3. Communicate in many different ways across the system.
Recently, a friend exclaimed to another, "What? You still use [a certain method] to communicate? No one uses that anymore. Everyone uses [a social media platform]." Is there really only one or a few ways to communicate? In actuality, there is tremendous diversity in the manner and methods that people use to communicate. Even the in vogue modalities of social media seem to change every year. The wide variety of communication styles reflect the fact that people of all location, cultures, appearances, and sociodemographic groups are quite diverse. What resonates with one person may not resonate for another.

The report shows the many different ways both the tax proponents and opponents attempted to communicate their viewpoints. Newspaper advertisements, billboards, press conferences, scientific articles, radio and television segments, and online campaigns were just such some of the channels employed. And the messages came in different forms, ranging from the "12 spoonful's of sugar" campaign that emphasized the amount of sugar in soda to a YouTube video that asked, "What's more important: Public health or soda industry interest?"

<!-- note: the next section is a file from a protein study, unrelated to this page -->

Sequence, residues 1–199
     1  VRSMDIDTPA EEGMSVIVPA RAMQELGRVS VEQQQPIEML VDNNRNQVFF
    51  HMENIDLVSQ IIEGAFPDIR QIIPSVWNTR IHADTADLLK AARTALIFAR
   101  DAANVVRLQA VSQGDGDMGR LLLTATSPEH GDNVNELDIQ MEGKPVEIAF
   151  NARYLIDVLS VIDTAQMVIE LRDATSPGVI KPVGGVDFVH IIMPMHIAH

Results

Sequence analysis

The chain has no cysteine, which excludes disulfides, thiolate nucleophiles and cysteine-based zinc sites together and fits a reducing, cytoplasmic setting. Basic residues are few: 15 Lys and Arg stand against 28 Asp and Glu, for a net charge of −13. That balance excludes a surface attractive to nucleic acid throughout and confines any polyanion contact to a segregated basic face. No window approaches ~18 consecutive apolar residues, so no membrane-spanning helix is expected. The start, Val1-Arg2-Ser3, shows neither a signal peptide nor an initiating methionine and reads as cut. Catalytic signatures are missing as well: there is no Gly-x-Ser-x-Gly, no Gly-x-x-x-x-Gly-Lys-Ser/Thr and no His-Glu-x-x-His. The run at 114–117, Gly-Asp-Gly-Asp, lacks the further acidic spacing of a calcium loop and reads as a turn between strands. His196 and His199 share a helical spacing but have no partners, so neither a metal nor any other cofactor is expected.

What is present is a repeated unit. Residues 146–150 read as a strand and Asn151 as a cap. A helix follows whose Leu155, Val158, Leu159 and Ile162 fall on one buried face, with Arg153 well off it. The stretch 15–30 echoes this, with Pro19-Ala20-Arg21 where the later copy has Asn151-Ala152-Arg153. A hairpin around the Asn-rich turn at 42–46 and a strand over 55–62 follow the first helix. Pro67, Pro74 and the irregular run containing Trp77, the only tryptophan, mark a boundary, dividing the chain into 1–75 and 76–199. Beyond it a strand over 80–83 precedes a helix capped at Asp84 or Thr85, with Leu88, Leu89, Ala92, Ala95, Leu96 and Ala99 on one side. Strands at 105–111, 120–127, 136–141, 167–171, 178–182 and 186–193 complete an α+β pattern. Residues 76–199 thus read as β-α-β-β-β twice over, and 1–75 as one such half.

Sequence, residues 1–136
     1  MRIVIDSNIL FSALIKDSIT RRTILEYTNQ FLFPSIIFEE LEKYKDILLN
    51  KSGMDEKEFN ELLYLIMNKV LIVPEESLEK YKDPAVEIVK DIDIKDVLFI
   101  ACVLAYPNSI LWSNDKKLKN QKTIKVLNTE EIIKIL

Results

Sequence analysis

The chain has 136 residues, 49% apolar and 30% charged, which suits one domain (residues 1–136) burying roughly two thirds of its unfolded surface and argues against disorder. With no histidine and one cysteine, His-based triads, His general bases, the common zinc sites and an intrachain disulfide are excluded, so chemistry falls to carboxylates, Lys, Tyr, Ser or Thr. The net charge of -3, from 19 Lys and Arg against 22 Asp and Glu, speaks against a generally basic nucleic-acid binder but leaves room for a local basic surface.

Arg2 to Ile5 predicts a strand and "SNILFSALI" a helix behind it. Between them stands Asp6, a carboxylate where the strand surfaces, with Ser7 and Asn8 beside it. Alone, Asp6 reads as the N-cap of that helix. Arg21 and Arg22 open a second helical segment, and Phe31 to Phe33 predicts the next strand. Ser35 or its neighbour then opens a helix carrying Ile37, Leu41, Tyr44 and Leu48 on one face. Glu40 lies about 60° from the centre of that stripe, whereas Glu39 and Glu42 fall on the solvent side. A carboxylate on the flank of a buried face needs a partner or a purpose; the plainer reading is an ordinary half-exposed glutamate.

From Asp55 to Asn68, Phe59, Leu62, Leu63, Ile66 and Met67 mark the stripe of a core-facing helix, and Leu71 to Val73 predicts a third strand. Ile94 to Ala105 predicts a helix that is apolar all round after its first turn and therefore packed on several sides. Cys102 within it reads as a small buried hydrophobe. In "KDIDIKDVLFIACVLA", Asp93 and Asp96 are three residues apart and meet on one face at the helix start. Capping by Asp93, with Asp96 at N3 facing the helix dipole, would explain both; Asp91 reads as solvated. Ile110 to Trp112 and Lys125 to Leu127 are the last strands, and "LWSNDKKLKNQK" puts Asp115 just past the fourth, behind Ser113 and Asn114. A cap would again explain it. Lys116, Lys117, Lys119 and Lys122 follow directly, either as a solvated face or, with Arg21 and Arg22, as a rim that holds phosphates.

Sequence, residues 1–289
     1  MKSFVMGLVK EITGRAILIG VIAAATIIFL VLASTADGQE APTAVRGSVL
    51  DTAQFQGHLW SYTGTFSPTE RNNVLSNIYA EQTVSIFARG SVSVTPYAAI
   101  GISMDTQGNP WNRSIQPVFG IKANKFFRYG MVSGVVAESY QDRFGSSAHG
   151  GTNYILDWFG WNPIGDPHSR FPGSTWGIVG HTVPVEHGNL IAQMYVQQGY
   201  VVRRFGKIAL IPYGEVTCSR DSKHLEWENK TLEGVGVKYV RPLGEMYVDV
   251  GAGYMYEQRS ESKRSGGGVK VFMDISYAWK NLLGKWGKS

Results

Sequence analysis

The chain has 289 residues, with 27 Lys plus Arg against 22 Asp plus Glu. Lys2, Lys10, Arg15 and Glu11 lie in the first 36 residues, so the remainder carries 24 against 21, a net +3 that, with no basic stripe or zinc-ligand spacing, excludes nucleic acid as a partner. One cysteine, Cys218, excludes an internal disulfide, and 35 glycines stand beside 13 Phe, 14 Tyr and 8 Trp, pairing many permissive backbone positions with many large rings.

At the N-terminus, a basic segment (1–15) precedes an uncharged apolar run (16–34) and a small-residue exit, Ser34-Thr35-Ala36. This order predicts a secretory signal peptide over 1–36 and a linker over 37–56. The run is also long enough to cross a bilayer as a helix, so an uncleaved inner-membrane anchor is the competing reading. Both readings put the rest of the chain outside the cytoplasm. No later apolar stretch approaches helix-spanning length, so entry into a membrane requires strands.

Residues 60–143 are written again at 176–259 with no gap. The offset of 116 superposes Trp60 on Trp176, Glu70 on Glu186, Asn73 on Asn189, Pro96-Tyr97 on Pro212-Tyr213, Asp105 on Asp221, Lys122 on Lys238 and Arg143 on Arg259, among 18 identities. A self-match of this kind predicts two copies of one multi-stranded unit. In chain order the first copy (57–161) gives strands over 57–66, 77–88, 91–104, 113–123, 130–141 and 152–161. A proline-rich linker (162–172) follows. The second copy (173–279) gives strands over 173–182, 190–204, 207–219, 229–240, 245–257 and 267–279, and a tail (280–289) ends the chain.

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4. Utilize science.
These days, it may seem that science does not matter. After all, do you need science to star on a reality television show, sell things over the Internet, or post a YouTube video of you simultaneously singing, playing drums, juggling, cooking, and telling jokes? But people have been using science to make decisions for thousands and thousands of years. From Ancient Greek and Egyptian civilizations to the Chinese Dynasties to the European world explorers to the earliest leaders of the United States to emerging technology powers of Asia, science has played a major role in success and building sustainable systems. As the report shows, the Mexico experience was no exception. Scientists and scientific evidence and the manner in which advocates communicated the science, played a crucial role in designing, advocating, and implementing the tax.

5. Realize that things are more complex than they initially seem.
Finally, as the report shows, there is often a complex story behind major events that most do not readily see. The Mexico tax resulted from many dedicated, bright, and talented individuals and organizations working together across a wide variety of different efforts for a number of years. Of course, in the same lines, reversing the obesity epidemic is probably more complex than just reducing soda consumption. But reducing soda consumption could have many health benefits and lay the groundwork for a variety of future efforts.